After depreciating sharply between August 2014 and March 2015, Israel's shekel has firmed but since the last BOI policy meeting on April 20, the shekel has weekend by 3 percent against the U.S. dollar. Over the preceding 12 moths, the shekel is up by 3.3 percent in terms of the nominal effective exchange rate.
The shekel was quoted at 3.87 to the dollar today, largely unchanged since the start of the year.
The Bank of Israel issued the following statement with its main considerations behind its decision:
Kenya's central bank cut its Central Bank Rate (CBR) by 100 basis points to 10.50 percent, saying inflation is expected to decline and remain within the target range in the short term, which means "there was policy space for an easing of monetary policy while continuing to anchor inflation expectations."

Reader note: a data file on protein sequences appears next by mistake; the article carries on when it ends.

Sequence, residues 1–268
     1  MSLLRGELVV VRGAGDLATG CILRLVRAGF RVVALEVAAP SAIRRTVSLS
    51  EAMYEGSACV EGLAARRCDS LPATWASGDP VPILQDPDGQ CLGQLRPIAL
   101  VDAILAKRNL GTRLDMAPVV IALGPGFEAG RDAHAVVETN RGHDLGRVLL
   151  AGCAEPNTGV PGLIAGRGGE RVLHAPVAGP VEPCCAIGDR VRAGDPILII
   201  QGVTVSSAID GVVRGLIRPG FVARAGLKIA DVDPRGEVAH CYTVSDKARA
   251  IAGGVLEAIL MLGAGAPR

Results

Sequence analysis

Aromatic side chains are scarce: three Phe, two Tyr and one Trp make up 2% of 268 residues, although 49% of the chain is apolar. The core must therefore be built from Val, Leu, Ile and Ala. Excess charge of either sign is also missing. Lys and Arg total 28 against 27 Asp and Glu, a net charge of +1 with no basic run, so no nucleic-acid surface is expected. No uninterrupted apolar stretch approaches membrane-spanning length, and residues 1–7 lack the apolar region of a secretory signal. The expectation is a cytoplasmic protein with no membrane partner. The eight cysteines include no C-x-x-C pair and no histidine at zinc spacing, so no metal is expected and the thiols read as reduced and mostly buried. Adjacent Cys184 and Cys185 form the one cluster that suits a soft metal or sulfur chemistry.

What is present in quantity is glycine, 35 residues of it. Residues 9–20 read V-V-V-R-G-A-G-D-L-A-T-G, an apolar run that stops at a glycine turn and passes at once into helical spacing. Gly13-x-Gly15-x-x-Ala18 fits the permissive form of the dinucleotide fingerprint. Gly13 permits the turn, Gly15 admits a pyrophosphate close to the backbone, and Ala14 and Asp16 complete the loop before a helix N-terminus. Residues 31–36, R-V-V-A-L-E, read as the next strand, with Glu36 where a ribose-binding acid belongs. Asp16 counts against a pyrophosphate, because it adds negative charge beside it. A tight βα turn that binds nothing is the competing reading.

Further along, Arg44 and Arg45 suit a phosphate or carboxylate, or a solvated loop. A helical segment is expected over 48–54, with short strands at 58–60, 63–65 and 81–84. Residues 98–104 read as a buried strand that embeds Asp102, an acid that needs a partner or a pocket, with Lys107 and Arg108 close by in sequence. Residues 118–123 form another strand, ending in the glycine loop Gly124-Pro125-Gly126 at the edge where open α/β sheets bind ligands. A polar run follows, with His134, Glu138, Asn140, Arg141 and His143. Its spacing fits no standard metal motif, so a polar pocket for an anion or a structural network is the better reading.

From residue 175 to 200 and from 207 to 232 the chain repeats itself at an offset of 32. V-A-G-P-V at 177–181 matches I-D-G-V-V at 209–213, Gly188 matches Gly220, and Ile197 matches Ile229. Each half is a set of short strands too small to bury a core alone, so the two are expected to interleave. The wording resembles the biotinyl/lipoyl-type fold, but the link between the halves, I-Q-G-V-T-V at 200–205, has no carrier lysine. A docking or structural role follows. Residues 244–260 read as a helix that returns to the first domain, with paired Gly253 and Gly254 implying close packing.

The Central Bank of Kenya (CBK), which raised its policy rate by 300 basis points in 2015 in response to a fall in the shilling's exchange rate and a rise in inflation, added that inflation data showed there were "no significant demand pressures in the economy" and the foreign exchange market had remained stable, supported by a narrower current account deficit.
Earlier this month Patrick Njoroge was quoted as saying the central bank had room to start easing its policy as inflation was falling back within the target range of 2.5 percent to 7.5 percent.
Kenya's consumer price inflation rate eased to 5.27 percent in April from 6.45 percent in March, with the 3-month annualized non-food-nonfuel inflation rate down to 4.6 percent in April from 6.8 percent in March.
Since November last year, the shilling's exchange rate has remained relatively stable, with the central bank attributing this to a narrowing of the current account deficit on improved earnings from tea and horticulture exports, strong diaspora remittances and a lower bill for oil imports.
The shilling was quoted at 100.9 to the U.S. dollar today, up 1.4 percent since the start of the year.